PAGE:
Herodium—the mountain palace-fortress and the lower palace complex Remarkably intact, Herod’s palace, built about 23 B.C., still nestles within the sloping walls of fill forming the artificial cone that protects it. Imagining the round crater as a clock face, we find the remains of the three semi-circular towers at 9, 12 and 3 o’clock and the round tower at 6. Extending down the slope of the mountain at 4 o’clock is a dark slash marking the location of the steep straight stairway, the only access to the palace in Herod’s day. Two short dark shadows to the right of the stairway are the entrances to the underground cisterns (numbered 1 and 2 in the text and drawings for this article).
To the right of the mountain, the major structures of Herodium’s lower city an visible. At the right edge of the picture, in the curve of the paved road, is a 200-foot-long dry pool. Originally fed by aqueducts carrying water from springs near Bethlehem, the pool appears as a rectangle with an island pavilion in its center. To the left of the pool, toward the base of the mountain on the right side of a road, are the jumbled remains of the Monumental Building. Extending from the Monumental Building, toward the lower-right corner of the photograph, is art 1,100-foot-long narrow, rectangular artificial terrace, named by Ehud Netzer, “The Course.” Its purpose is uncertain, but the author speculates that if Herod’s burial tomb was in or near the Monumental Building then, perhaps, the course in front of it was a parade ground for Herod’s grand military funeral.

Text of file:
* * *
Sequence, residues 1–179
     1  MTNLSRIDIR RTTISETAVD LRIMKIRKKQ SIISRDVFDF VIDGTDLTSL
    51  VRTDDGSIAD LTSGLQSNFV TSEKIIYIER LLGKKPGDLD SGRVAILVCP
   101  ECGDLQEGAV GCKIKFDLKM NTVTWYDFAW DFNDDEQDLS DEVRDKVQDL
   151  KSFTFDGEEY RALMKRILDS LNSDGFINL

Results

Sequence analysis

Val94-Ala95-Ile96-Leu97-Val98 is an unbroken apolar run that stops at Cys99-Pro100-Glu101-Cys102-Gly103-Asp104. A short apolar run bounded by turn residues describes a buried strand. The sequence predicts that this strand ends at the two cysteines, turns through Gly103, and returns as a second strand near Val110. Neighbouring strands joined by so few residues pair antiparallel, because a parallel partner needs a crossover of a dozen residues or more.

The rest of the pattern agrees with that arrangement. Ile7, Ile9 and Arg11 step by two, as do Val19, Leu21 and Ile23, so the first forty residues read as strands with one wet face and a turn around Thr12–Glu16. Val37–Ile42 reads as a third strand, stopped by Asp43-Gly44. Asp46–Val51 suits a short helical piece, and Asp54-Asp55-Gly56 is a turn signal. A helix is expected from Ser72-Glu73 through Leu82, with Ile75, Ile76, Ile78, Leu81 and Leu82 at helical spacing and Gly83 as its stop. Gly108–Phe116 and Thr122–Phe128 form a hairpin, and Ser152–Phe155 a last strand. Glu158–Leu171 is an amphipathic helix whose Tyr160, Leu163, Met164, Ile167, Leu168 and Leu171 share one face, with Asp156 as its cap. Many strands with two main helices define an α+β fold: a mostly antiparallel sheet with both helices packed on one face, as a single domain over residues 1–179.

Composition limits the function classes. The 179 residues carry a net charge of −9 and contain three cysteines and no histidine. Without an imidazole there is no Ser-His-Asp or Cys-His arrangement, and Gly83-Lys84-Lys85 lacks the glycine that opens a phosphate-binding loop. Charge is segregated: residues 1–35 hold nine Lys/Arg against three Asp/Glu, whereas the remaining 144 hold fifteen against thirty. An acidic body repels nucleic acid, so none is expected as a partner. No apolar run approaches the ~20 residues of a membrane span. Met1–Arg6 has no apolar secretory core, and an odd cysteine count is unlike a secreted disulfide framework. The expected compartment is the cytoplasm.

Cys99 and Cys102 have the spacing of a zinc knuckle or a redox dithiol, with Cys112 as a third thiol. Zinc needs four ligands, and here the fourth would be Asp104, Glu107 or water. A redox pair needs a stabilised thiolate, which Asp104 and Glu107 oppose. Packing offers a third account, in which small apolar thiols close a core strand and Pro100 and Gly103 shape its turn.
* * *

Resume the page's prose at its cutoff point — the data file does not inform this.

After Herod’s death in 4 B.C. Herodium continued in use. The exterior appearance of the mountain-fortress remained largely unaltered. But during the two Jewish Revolts against Rome that followed in 66–70 A.D. mid 132–135 A.D. the rebels modified the mountain’s interior to ensure a safe and adequate water supply from within the palace and, in the Second Revolt to allow the Jewish defenders of Herodium to counterattack when the Romans laid siege.